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Chicken Arrabiata


I confess to being a tomato junkie.  I adore the fruit, and yes, botanically it is a fruit.   Nothing made me happier than the arrival of great little tiny tomatoes variously called ‘cherry’, ‘grape’ and most recently, ‘heirloom mixtures’.   They arrived in this country from southeast Asia as recently as the 1990s.  While ‘tomatoes on the vine’ used to be the only out-of-season tomatoes that even came close to the real thing, the oval shaped grape tomatoes and their round cherry counterparts have a higher sugar content. I prize their sweetness and use them often. When this recipe for Chicken Arrabiata, that spicy, almost fiery Italian tomato sauce appeared, I had to try it. It takes under an hour from start to finish.  And in the end you’re left with a richly fulfilling and extraordinarily flavorful chicken.  It’s a great dish for a chilly weeknight.  You can serve it with rice or a side of pasta but served with crusty bread and a salad, it makes an easy and satisfying dinner.  And while you make it, you can read about it…

  Sugo all’ Arrabiata, its Italian name, is a combination of garlic, tomatoes and chili peppers cooked in olive oil.  Arrabbiata, whose literal translation from Italian is ‘angry’ is so named due to the heat of the peppers. It’s closely related to two other Italian sauces you may be familiar with:  Puttanesca and Fra Diavolo.  While both of these sauces are spicy, they’re quite different in their ingredients.  Fra Diavolo (Brother Devil in Italian) is completely an Italian-American invention. It is basically impossible to find in Europe and it is almost exclusively served with Homarus Americanus or our native lobster.  Puttanesca has a closer connection to Arrabiata. But it’s an interesting story about why they are different.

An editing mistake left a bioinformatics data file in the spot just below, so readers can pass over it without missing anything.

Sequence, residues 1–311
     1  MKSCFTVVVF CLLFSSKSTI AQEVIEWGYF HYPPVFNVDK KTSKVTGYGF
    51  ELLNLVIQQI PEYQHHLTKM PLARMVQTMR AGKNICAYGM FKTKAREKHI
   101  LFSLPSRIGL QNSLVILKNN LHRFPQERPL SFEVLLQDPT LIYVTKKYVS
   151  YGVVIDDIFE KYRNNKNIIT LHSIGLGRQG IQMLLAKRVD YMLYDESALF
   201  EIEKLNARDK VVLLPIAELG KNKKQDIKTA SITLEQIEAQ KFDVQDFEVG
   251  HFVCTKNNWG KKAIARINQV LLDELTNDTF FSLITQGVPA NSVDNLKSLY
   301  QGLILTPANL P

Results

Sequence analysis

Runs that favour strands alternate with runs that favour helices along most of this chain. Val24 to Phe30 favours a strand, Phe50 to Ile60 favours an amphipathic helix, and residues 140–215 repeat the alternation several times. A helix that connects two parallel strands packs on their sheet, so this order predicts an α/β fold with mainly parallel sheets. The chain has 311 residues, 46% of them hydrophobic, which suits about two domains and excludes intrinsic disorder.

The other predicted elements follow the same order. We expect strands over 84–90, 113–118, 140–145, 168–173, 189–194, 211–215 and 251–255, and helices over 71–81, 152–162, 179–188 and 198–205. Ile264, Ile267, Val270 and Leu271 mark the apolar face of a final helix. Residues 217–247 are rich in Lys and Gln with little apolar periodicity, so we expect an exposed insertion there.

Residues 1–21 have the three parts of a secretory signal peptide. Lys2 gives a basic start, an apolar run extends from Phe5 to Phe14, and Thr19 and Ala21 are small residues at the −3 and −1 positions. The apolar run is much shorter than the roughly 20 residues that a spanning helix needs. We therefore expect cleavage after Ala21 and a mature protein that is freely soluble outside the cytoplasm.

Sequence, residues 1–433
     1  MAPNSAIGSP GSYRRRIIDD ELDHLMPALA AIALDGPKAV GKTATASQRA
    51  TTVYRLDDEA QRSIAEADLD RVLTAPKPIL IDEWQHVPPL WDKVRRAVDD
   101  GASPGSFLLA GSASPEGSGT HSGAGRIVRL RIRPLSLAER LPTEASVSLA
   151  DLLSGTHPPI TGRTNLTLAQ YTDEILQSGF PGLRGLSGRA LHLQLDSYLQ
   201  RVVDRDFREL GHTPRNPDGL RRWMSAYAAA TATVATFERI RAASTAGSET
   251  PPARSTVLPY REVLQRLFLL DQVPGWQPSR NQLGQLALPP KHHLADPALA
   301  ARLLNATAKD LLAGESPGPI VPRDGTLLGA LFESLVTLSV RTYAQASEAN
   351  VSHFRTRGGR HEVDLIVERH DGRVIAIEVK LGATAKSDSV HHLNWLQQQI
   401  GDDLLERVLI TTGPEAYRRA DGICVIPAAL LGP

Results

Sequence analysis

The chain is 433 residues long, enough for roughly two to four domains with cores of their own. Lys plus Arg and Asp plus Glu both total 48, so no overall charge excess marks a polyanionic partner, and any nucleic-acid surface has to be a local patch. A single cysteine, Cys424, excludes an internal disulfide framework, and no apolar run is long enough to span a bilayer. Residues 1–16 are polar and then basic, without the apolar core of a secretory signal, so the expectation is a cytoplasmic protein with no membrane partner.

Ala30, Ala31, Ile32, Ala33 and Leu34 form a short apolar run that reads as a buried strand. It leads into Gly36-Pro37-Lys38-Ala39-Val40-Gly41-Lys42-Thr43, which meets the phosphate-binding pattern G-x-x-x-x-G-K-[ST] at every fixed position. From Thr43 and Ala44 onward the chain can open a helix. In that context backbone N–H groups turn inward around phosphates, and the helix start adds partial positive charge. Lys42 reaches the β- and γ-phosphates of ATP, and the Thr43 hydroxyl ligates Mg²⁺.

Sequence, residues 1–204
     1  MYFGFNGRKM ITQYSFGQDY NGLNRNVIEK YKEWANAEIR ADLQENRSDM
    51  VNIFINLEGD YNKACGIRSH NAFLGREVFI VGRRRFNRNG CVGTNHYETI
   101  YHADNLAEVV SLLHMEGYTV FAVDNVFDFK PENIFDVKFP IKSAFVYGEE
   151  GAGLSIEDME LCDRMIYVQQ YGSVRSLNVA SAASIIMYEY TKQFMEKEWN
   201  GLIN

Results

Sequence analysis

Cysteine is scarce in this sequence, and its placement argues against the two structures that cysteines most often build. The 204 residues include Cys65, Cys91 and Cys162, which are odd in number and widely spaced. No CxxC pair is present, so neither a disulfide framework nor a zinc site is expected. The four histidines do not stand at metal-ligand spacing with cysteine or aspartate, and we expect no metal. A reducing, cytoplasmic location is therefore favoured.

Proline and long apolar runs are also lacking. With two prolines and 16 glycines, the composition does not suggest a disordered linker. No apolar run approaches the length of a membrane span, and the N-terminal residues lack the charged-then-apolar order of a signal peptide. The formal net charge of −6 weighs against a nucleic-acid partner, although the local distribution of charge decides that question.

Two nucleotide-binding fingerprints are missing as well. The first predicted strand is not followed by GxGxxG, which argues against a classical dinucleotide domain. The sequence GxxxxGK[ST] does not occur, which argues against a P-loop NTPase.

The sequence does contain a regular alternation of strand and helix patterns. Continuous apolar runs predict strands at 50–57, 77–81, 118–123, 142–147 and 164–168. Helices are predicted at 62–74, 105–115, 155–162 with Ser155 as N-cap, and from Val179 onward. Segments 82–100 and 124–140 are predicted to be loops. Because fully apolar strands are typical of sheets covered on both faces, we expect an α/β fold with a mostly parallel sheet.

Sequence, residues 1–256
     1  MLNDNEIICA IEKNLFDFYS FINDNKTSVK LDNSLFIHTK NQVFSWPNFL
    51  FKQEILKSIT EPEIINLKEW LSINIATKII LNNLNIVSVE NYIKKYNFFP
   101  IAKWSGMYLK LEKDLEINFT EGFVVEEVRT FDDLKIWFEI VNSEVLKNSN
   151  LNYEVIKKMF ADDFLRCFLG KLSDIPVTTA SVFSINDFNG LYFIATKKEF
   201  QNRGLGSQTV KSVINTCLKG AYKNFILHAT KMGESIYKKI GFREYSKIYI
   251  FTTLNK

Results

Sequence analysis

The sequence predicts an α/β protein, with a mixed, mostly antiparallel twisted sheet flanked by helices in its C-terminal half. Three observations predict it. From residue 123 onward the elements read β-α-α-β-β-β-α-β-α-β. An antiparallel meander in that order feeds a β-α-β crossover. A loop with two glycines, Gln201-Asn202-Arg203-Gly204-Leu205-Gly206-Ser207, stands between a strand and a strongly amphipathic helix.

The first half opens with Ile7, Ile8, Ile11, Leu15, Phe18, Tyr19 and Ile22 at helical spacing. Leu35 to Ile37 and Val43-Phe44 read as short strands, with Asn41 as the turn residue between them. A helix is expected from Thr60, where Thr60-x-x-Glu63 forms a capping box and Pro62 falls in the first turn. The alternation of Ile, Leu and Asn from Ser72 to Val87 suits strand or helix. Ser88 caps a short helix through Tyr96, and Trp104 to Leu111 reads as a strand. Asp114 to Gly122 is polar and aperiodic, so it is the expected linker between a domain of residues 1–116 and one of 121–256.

Puttanesca is the famous “Whore’s Pasta” of Rome.   It’s variously said that the preparation could be thrown together quickly, between assignations. But I think there’s a case to be for aanother story of why the ladies of the evening made it their own. Much of their business was conducted in their client’s cars. The women stayed by the side of the road awaiting customers.  And to feed themselves, they cooked pasta over open fires.  Their choice of sauce included bits of chili peppers, all ingredients portable enough for their outdoor cooking. The heat of the sauce must have helped dispel the cold of many a Roman night.   And there’s the key difference between it and the Arrabbiata being made here. While the women relied on chili flakes and chili powder for their heat, Arrabiatta uses whole diced fresh chili peppers. You can adjust the heat to your personal preference.  I used a hot green pepper and loved the results.  The original recipe, from Saveur Magazine, called for Fresno chilies. And here it is:

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